Physician-Assisted Suicide – an Utilitarian Perspective

1 January 2017

Physician-assisted suicide is “the voluntary termination of one’s own life by administration of a lethal substance with the direct or indirect assistance of a physician. Physician-assisted suicide is the practice of providing a competent patient with a prescription for medication for the patient to use with the primary intention of ending his or her own life” (MedicineNet. com, 2004). Many times this ethical issue arises when a terminally-ill patient with and incurable illness, whom is given little time to live, usually less than six-months, has requested a physician’s assistance in terminating one’s life.

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This practice with the terminally ill is known as euthanasia. Physician-assisted suicide and euthanasia is a controversial topic that brings up many ethical issues and the rights of the patients the physicians serve. Many questions arise when this topic is discussed. For example, does an individual have the right to end their life, if prolonging it will only cause more pain and suffering? Should families, who do not want to lose a loved one, be allowed to prolong the pain in the life of a terminally ill family member so they do not experience loss?

Is this more or less ethical than letting the person die? This paper will examine why terminally-ill patients should be allowed to make decisions regarding their care and their life. This paper will examine a utilitarian perspective on physician-aided suicide, which provides a solid argument for allowing physician-assisted suicides in certain circumstances. “Utilitarianism is a moral principle that holds that the morally right course of action in any situation is the one that produces the greatest balance of benefits over harms for everyone affected (Andre & Velasquez, n. d. ).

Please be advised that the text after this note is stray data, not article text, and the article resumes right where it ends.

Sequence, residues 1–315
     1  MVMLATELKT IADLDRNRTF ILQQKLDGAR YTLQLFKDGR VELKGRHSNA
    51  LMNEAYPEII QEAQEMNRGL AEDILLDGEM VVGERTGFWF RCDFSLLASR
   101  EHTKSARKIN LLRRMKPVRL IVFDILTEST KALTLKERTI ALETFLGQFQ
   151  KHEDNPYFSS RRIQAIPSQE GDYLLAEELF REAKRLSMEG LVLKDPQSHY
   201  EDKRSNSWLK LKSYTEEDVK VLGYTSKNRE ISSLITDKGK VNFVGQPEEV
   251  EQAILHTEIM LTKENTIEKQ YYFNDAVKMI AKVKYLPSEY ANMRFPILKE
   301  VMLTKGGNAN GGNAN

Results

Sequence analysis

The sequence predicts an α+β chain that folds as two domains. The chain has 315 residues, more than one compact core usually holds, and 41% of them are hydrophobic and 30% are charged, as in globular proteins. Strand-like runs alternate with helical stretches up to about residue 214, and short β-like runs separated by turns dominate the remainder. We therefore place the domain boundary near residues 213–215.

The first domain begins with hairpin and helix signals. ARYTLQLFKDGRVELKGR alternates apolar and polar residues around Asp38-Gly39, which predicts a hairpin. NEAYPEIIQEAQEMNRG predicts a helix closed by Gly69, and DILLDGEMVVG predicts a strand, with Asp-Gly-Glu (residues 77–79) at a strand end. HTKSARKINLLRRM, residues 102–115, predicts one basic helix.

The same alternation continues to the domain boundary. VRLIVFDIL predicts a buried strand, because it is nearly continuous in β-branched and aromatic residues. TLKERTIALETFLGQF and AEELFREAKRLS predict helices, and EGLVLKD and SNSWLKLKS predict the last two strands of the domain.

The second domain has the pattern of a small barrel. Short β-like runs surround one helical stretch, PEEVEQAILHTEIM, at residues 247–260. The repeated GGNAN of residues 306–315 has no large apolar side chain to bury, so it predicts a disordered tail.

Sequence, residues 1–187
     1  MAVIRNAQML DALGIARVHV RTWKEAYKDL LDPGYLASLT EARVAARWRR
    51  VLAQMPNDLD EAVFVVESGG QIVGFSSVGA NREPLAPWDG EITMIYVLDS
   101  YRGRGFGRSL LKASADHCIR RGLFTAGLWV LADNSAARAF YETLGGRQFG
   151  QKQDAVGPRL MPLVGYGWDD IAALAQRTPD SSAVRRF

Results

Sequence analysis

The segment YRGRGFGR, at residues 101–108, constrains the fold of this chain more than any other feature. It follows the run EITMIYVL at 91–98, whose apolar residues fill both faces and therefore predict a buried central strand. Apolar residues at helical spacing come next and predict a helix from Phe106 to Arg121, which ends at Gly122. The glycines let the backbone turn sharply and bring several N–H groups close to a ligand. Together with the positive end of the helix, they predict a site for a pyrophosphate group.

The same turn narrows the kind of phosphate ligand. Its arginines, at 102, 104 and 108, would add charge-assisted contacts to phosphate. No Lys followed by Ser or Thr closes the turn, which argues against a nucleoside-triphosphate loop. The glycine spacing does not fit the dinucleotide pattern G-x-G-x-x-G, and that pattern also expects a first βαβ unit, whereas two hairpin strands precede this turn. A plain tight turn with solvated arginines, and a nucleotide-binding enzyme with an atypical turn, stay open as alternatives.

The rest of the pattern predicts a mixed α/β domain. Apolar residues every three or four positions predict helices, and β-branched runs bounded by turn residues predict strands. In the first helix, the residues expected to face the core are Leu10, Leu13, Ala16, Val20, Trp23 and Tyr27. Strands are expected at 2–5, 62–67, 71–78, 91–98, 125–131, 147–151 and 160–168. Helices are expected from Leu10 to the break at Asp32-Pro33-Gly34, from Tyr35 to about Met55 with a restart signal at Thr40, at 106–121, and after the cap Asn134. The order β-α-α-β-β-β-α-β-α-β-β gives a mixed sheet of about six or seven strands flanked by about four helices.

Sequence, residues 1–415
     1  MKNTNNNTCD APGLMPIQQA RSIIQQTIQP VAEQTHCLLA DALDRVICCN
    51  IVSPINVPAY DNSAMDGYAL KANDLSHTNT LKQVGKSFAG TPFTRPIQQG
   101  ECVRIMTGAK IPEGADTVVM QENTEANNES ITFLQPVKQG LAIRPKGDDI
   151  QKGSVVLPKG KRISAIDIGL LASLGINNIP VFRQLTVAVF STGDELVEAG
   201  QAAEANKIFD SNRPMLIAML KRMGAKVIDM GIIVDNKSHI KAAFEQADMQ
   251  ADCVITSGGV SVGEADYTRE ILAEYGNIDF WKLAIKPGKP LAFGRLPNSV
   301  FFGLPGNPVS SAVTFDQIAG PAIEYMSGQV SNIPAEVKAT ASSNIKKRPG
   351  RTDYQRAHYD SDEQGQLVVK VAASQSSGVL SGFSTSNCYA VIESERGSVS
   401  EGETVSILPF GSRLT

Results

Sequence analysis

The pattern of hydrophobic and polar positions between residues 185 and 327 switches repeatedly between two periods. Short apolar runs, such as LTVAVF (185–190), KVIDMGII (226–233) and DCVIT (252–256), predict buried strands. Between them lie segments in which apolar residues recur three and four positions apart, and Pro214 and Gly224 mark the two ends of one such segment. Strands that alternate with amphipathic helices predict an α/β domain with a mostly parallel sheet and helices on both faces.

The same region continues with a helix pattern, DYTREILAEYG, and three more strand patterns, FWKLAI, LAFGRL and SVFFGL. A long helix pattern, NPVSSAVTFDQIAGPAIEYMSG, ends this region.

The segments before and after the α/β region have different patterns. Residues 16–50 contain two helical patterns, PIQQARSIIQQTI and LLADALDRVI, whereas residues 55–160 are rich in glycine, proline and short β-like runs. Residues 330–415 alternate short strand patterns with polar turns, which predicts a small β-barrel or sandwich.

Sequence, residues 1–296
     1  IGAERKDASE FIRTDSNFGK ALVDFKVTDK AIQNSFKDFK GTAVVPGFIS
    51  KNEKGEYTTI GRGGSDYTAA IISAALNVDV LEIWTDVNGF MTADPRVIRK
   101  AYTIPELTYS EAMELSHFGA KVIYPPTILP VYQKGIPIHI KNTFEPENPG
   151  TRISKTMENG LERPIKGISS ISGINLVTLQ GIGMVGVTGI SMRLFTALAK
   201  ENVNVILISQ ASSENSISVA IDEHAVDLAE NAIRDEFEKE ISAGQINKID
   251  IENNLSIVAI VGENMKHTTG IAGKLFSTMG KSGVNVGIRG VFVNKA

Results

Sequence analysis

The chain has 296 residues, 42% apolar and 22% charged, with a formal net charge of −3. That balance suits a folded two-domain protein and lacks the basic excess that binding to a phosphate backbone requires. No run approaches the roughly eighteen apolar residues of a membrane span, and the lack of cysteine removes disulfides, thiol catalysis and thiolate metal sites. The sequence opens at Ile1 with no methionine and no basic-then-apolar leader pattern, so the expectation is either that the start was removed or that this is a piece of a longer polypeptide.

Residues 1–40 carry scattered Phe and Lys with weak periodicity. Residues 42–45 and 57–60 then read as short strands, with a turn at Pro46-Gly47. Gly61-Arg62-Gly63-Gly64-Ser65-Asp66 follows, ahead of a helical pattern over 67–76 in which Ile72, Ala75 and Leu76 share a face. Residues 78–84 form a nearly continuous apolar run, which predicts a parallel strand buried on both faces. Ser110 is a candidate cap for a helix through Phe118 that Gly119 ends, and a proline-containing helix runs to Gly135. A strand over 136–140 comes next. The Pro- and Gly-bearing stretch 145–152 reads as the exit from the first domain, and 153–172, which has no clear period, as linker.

How would utilitarian thinkers view physician-assisted suicide? Utilitarians would assess each individual situation and determine the right course of action which is relative to the unique circumstances. For the utilitarians, the question is simply this when addressed with a terminally ill person: “Does it increase or decrease human happiness to provide a quick, painless death for those who are dying in agony? ” (Cavalier, Mellon & Ess, n. d. ) Initially, utilitarians identify all foreseeable outcomes of a certain action. In this case, physician-assisted death is the action in question.

Once foreseeable, outcomes are determined, utilitarians review the benefits and the consequences of a physician-assisted death for all the parties involved. Then, a course of action is selected that provides the most benefits and reduces the negative consequences. This approach is direct and logical. New issues and ethical questions have arisen as a result in technological advances in the field of medicine. One of these issues is quality of life for the individual. Is it better to keep a person hooked up to a life machine, if the person has no quality of life?

That is there is no interaction with other humans and the person is only being kept alive because the machines are handling vital bodily functions. These advances add to moral dilemma of physician-assisted suicide and to the intense debate if the practice of physician-assisted death is ethical. Furthermore, there are direct and indirect physician-assisted suicide practices. Direct physician-assisted suicide practices include: administering a legal dose of drugs to end a life, withdrawing or withholding life sustaining treatments, and palliative sedation.

Indirect physician-assisted suicides are a little bit different in that the physician may give lethal medications to an individual, but the individual administers the dose, not the physician. This practice places an ethical dilemma for the pharmacist filling the lethal dose of medicines. According to Ethics in Medicine, University of Washington School of Medicine state that those who argue in favor of physician-assisted death (PAD) present the following reasons for their opinions 1.